Punitive Damages and Vicarious Liability in a Maryland Medical Malpractice Case

In a Maryland medical malpractice case in which the plaintiff seeks punitive damages against a doctor for conducting an unnecessary procedure, is the employer hospital vicariously liable for punitive damages?

In general, Maryland has uniformly applied a broad rule for punitive damages and held an employer vicariously liable for punitive damages for its employee’s tortious acts. Embrey v. Holly, 293 Md. 128, 137-38, 442 A.2d 966, 971 (1982). The nature of punitive damages is such that a punitive damage award may be apportioned between multiple wrongdoers depending upon the degree of culpability and the pecuniary status of each. Embrey, 293 Md. at 141, 442 A.2d at 973. In Embrey, which was a defamation case, the Court held that it was entirely proper to permit a jury to apportion punitive damages among multiple defendants, the speaker of the defamatory language and his employer radio station. Id. at 143, 442 A.2d at 974.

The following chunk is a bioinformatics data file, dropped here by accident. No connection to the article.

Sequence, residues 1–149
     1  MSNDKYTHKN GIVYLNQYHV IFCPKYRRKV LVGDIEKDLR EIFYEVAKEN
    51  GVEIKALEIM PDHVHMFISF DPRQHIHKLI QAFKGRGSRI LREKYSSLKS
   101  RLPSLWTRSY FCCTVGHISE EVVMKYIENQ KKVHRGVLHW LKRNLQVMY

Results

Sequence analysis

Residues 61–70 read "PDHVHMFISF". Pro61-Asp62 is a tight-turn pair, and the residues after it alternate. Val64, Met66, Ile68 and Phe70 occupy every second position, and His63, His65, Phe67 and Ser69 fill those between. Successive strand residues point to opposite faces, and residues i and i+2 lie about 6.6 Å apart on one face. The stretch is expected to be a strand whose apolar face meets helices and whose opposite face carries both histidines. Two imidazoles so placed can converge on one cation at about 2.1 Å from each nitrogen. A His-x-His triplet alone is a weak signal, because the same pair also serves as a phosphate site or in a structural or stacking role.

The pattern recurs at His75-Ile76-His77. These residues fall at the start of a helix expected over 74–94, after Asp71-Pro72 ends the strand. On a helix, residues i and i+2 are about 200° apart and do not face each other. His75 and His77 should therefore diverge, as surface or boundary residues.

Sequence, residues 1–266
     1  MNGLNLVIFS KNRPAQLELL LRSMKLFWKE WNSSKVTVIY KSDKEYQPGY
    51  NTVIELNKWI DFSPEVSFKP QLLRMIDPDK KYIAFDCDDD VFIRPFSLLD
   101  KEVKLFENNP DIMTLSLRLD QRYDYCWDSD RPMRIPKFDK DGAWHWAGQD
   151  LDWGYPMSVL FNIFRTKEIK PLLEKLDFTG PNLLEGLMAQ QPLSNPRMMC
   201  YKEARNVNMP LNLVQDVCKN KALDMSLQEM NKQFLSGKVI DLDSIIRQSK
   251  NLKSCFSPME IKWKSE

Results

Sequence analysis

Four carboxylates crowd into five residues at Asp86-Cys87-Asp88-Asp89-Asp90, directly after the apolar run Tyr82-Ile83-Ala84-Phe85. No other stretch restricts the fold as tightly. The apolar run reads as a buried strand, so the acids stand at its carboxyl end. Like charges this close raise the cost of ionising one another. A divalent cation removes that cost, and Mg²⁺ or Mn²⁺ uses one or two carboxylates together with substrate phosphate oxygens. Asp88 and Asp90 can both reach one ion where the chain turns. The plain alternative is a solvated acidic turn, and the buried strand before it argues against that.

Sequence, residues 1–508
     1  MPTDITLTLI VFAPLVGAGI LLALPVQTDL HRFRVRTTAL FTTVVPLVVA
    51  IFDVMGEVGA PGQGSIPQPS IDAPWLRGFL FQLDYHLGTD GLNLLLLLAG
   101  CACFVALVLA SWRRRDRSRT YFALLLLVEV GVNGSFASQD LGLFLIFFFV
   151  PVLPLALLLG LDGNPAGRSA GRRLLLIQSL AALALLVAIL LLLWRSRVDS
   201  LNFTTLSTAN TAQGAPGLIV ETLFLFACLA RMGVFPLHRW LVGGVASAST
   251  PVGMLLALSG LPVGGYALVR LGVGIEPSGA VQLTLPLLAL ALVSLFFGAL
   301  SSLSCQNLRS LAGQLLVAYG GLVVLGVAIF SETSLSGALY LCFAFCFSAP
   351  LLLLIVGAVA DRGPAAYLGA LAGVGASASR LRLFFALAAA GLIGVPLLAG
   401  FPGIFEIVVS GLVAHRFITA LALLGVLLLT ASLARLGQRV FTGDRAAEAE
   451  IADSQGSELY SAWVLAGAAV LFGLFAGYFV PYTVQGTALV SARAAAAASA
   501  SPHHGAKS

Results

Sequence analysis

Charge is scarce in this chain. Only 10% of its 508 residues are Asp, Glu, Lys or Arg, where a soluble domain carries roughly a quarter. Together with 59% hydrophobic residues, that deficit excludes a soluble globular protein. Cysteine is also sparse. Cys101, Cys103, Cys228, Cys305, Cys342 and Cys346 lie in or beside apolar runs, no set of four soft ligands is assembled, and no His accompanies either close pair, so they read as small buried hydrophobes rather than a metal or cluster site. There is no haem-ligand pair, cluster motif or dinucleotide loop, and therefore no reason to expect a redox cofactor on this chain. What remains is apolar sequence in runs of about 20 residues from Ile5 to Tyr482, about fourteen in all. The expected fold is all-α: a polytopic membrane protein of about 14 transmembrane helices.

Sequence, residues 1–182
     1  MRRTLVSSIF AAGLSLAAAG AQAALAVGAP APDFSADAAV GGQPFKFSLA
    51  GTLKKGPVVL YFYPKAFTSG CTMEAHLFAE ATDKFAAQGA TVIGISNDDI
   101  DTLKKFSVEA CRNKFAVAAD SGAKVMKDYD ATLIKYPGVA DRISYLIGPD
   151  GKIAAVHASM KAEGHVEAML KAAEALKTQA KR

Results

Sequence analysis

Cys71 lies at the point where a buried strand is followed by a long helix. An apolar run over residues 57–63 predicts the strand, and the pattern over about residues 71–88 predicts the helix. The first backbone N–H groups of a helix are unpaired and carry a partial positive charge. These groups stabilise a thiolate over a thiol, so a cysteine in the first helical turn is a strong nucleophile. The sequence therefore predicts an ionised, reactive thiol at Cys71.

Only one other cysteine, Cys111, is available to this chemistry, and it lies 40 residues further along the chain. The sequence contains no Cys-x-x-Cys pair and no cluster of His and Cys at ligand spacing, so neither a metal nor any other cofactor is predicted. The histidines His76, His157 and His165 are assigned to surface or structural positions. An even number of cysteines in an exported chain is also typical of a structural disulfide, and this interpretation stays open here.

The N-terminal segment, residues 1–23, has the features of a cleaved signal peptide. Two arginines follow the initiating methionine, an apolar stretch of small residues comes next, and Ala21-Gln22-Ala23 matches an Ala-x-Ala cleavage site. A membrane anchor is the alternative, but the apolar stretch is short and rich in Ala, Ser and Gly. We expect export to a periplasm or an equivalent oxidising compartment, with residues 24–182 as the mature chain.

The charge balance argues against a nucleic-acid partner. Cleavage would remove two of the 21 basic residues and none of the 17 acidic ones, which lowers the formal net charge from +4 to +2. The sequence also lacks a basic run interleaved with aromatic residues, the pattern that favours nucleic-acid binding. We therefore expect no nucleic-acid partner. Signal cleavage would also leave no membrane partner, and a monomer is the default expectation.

However, if a tortfeasor is only liable through vicarious liability, settlement with the primary tortfeasor bars recovery from the vicariously liable tortfeasor. Anne Arundel Med. Ctr. v. Condon, 102 Md. App. 408, 649 A.2d 1189 (1994). Simply, an agent and his or her principal are not joint tortfeasors for the sake of potentially recovering from both if the principal is only vicariously liable.

In medical negligence actions, the Maryland Court of Appeals has adopted the apparent authority theory from the Restatement (Second) of Agency § 267:

One who represents that another is his servant or other agent and thereby causes a third person to justifiably rely upon the care and skill of such apparent agent is subject to liability to the third person for harm caused by the lack of care or skill of the one appearing to be a servant or other agent as if he were such. Nelson v. Debbas, 160 Md. App. 194, 210, 862 A.2d 1083, 1092 (2004) (citing Mehlman v. Powell, 281 Md. 269, 273, 378 A.2d 1121 (1977); B.P. Oil Corp. v. Mabe, 279 Md. 632, 643, 370 A.2d 554 (1977)).

Bottom line, the hospital could be liable both through agency principles or vicariously. for more information, please contact the medical malpractice lawyers at STSW.

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